In Shocking Turnaround, Consumer Reports Withdraws Its Tesla Model S …

20 Oct 2015 | Author: | No comments yet »

Reliability Concerns Have Tesla Shares In The Shop.

The majority of states to do specifically claim that autonomous vehicles are illegal, and only 14 have considered legislation to regulation self-driving cars. Tesla (TSLA) shares fell sharply on Tuesday after Consumer Reports pulled its recommendation and issued below-average reliability ratings for the electric car maker’s Model S.

The car could, however, be taken off the road if regulators aren’t thrilled with the idea of autonomous vehicles roaming the country, Bryant Walker Smith, an assistant professor at the University of South Carolina School of Law recently told Wired. The latest software update, 7.0 allows Model S to use its unique combination of cameras, radar, ultrasonic sensors and data to automatically steer down the highway, change lanes, and adjust speed in response to traffic. The problems involved “the drivetrain, power equipment, charging equipment, giant iPad-like center console, and body and sunroof squeaks, rattles, and leaks,” Consumer Reports said. There are laws prohibiting reckless driving, for example, and ‘a state or local law enforcement agency could use these provisions to target’ the cars ‘if they believed the vehicles to be dangerous.’ ‘Connected, automated vehicles that can sense the environment around them and communicate with other vehicles and with infrastructure have the potential to revolutionize road safety and save thousands of lives.’ The firm, which has eight dealerships in the UK said it was waiting for regulatory approval to roll out the software in Britain and Europe but was ‘hopeful’ this should happen within the month. Beyond the immediate hit to the shares, the news raises questions about whether Tesla will need to once again cut its 2015 vehicle delivery guidance of 50,000 to 55,000 cars.

Adding features like a sun roof led to reliability issues, and Model S owners also complained about having to replace the electric motor, said Jake Fisher, director of automotive testing. Consumer Reports issued a worse-than-average predicted reliability score for the Model S, which previously held the magazine’s “recommended” label reserved for cars that meet certain criteria. The magazine recommends only models with above-average reliability. “This year, with a below-average rating, we are no longer recommending the Model S,” he said. “In terms of owner satisfaction, customers would buy it again – they love it.” The magazine in August lauded the car’s combination of performance, luxury and efficiency when its tests resulted in a score of 103 on Consumer Reports’s 100-point scale.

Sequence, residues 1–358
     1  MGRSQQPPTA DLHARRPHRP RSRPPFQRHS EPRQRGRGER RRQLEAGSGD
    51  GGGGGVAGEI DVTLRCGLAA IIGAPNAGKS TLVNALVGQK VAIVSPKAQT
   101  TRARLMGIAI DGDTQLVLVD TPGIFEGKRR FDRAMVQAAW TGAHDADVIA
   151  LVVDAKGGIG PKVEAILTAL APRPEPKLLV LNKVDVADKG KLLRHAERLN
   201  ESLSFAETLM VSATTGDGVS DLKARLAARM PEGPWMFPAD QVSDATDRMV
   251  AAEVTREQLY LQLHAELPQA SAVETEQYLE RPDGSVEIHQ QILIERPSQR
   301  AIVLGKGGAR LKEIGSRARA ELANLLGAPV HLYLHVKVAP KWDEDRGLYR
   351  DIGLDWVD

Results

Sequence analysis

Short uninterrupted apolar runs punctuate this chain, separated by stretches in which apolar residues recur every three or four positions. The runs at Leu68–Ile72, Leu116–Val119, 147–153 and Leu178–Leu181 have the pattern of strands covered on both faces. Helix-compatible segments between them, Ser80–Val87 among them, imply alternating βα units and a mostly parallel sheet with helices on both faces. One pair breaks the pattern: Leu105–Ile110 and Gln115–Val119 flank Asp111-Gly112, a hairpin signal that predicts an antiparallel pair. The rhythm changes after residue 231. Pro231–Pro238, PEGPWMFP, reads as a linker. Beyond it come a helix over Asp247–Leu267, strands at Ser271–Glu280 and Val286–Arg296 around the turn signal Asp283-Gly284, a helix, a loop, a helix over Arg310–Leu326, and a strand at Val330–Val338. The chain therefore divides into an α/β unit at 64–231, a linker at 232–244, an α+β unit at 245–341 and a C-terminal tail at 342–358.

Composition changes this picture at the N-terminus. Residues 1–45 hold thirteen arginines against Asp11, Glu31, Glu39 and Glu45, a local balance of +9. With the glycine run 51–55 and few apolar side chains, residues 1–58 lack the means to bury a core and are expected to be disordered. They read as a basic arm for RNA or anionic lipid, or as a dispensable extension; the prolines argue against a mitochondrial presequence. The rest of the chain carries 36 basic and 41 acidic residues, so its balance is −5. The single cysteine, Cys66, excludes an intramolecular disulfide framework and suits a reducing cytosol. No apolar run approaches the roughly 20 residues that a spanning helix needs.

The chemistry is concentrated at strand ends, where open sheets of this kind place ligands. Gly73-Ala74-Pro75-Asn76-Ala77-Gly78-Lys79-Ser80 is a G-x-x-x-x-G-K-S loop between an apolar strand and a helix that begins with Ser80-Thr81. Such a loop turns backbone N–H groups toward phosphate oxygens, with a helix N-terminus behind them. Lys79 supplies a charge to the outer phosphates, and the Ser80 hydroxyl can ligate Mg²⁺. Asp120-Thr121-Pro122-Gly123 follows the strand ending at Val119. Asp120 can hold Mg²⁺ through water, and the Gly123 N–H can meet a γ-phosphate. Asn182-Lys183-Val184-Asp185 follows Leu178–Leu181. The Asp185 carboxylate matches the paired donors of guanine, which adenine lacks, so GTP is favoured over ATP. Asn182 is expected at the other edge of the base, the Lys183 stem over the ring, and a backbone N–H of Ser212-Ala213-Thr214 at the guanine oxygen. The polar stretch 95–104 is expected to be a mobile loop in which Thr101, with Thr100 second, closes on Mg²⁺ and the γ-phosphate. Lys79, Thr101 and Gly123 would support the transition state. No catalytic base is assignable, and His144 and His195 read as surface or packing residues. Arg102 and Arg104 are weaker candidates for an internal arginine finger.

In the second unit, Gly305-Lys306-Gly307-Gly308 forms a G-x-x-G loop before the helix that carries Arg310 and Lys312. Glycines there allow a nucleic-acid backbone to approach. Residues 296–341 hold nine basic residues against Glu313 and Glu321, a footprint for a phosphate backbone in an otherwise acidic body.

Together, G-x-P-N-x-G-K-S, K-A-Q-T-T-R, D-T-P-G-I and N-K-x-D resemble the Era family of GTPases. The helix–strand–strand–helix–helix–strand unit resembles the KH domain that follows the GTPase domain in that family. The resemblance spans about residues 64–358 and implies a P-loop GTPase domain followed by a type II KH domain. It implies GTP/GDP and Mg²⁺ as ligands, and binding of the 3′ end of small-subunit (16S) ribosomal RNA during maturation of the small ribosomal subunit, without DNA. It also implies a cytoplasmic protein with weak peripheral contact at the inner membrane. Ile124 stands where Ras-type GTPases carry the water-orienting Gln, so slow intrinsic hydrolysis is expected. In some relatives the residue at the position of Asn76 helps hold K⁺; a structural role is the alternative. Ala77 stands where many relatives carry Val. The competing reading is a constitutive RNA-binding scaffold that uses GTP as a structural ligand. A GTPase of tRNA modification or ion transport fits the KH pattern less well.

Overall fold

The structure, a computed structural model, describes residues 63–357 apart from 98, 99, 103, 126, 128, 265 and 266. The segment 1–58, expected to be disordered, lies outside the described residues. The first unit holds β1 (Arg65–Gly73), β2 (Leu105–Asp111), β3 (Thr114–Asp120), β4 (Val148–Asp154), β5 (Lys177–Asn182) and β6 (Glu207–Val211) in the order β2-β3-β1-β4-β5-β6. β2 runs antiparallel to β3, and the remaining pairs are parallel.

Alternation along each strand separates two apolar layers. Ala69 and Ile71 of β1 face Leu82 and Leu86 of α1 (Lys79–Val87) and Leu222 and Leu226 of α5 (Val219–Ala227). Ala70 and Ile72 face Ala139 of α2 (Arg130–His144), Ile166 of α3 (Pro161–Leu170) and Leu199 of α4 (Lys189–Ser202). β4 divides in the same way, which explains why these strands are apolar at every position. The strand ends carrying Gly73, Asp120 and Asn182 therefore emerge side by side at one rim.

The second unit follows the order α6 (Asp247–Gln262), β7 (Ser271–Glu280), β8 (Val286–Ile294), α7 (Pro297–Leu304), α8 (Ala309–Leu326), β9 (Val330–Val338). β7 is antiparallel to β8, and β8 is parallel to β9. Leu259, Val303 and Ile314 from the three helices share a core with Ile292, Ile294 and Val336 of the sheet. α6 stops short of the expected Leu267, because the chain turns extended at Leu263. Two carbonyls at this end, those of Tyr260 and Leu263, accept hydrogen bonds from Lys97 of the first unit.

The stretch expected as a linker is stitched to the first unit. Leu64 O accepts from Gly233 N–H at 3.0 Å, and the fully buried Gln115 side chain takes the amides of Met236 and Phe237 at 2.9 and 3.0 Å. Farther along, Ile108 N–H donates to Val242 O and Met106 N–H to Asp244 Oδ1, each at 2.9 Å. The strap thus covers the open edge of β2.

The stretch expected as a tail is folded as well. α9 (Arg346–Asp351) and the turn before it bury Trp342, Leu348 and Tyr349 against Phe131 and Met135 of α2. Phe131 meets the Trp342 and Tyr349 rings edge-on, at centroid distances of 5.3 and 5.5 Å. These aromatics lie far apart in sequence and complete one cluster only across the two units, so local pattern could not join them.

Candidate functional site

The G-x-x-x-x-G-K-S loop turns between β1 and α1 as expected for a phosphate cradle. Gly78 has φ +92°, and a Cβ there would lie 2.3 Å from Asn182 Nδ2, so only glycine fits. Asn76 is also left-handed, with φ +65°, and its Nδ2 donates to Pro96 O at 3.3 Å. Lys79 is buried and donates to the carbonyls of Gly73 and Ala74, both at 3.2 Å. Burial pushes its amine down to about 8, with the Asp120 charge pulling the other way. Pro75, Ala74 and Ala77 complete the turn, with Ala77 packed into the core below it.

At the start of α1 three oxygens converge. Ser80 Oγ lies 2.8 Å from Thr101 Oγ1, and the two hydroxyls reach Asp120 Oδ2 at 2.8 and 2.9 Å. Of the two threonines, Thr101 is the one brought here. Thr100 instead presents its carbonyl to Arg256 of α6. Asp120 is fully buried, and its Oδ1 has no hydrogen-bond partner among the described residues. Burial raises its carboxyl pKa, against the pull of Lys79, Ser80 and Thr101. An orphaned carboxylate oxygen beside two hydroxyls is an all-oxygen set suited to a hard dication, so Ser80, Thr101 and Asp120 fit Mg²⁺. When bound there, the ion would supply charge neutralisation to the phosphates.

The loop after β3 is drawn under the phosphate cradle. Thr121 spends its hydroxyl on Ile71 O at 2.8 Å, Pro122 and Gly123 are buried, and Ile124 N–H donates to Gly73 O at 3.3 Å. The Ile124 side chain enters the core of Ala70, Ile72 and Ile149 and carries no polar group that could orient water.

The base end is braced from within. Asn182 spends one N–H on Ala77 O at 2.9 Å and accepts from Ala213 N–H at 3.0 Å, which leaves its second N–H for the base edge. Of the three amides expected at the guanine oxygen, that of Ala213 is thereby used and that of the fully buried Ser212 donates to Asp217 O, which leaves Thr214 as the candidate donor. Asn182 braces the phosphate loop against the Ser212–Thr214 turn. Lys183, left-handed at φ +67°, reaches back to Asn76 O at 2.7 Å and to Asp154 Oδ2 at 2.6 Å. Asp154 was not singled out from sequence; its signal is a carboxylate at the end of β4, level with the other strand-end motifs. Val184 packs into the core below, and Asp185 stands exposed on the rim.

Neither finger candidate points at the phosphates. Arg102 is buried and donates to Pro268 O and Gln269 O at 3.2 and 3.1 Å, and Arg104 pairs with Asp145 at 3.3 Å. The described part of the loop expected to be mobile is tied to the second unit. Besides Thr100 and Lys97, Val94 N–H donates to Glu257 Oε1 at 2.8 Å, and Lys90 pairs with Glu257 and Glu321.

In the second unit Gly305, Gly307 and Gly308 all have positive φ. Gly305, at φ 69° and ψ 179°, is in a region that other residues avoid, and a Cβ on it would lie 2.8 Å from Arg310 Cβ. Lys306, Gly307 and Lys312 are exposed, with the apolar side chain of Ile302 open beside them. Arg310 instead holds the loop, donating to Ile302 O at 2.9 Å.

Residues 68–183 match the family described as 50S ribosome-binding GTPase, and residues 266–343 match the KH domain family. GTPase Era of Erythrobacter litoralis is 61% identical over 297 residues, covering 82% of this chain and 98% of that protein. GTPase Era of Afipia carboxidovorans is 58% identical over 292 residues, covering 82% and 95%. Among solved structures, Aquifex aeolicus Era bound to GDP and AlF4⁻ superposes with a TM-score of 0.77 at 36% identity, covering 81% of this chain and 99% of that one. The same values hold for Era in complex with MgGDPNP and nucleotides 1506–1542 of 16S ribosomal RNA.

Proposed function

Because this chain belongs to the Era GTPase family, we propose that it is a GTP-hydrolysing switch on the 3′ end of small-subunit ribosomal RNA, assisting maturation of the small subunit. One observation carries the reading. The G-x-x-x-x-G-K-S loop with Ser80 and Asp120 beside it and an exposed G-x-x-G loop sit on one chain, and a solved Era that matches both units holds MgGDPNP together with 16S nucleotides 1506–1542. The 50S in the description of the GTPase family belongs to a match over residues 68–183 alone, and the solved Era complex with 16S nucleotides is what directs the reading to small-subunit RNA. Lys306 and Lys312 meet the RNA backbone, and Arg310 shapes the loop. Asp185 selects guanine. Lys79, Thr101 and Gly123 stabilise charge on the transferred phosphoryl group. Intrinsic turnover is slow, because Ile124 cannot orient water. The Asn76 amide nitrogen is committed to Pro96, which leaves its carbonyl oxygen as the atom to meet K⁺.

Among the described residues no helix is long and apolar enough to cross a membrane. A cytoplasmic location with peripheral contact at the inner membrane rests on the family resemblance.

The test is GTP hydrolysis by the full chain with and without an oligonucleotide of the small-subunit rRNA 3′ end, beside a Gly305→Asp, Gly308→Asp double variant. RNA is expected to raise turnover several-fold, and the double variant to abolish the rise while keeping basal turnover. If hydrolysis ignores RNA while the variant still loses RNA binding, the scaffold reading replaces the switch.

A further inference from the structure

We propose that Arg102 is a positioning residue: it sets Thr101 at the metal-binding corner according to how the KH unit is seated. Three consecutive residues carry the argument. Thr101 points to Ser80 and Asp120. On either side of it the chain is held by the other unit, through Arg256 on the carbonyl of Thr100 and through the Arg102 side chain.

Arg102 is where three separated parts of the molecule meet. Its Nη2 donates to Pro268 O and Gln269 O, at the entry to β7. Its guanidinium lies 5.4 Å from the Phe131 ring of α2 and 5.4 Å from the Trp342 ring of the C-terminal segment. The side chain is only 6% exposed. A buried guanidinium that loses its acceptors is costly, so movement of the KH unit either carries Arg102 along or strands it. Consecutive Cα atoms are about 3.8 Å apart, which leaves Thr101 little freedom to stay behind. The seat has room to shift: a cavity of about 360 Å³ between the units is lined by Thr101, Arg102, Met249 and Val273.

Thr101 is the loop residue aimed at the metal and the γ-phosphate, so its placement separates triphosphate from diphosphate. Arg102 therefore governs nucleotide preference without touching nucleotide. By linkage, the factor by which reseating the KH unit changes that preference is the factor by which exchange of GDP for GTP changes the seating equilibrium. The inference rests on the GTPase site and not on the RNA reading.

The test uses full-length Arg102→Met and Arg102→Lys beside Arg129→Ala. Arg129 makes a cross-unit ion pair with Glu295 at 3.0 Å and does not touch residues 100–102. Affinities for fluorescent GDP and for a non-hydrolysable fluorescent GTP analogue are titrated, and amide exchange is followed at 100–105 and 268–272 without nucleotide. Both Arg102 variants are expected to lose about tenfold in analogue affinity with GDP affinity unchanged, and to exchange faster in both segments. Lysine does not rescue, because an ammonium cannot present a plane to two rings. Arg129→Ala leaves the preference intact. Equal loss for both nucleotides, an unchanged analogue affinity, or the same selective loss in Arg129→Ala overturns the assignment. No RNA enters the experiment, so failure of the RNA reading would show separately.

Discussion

Along with the new Autopilot features, the instrument cluster’s new driver-focused design shows the real-time information the car uses to intelligently determine the vehicle’s behavior in that moment relative to its surroundings. The instrument panel provides a visualization of the road as detected by the car’s sensors, giving drivers the information their car is using for features including lane departure, blind spot detection, speed assist, collision warning, adaptive cruise, and autosteer. Using a variety of measures including steering angle, steering rate and speed to determine the appropriate operation AutoSteer assists the driver on the road, making the driving experience easier. Side Collision Warning further enhances Model S’s active safety capabilities by sensing range and alerting drivers to objects, such as cars, that are too close to the side of Model S.

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